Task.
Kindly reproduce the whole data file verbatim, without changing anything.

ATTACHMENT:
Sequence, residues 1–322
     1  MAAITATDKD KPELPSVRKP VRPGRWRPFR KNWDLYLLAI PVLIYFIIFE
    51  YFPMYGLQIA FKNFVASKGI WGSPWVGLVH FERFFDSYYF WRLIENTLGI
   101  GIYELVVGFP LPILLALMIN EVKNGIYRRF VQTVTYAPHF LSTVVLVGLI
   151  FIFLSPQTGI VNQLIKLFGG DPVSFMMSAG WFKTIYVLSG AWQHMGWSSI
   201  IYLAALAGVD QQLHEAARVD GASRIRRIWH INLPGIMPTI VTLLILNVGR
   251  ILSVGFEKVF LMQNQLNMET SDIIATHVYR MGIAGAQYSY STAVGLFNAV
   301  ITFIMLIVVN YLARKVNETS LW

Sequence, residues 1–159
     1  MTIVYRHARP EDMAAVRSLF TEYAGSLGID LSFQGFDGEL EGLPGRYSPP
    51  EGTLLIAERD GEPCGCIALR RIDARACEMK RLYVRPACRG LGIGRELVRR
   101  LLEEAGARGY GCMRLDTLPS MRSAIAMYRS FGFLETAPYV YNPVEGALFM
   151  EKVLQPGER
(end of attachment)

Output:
Sequence, residues 1–322
     1  MAAITATDKD KPELPSVRKP VRPGRWRPFR KNWDLYLLAI PVLIYFIIFE
    51  YFPMYGLQIA FKNFVASKGI WGSPWVGLVH FERFFDSYYF WRLIENTLGI
   101  GIYELVVGFP LPILLALMIN EVKNGIYRRF VQTVTYAPHF LSTVVLVGLI
   151  FIFLSPQTGI VNQLIKLFGG DPVSFMMSAG WFKTIYVLSG AWQHMGWSSI
   201  IYLAALAGVD QQLHEAARVD GASRIRRIWH INLPGIMPTI VTLLILNVGR
   251  ILSVGFEKVF LMQNQLNMET SDIIATHVYR MGIAGAQYSY STAVGLFNAV
   301  ITFIMLIVVN YLARKVNETS LW

Sequence, residues 1–159
     1  MTIVYRHARP EDMAAVRSLF TEYAGSLGID LSFQGFDGEL EGLPGRYSPP
    51  EGTLLIAERD GEPCGCIALR RIDARACEMK RLYVRPACRG LGIGRELVRR
   101  LLEEAGARGY GCMRLDTLPS MRSAIAMYRS FGFLETAPYV YNPVEGALFM
   151  EKVLQPGER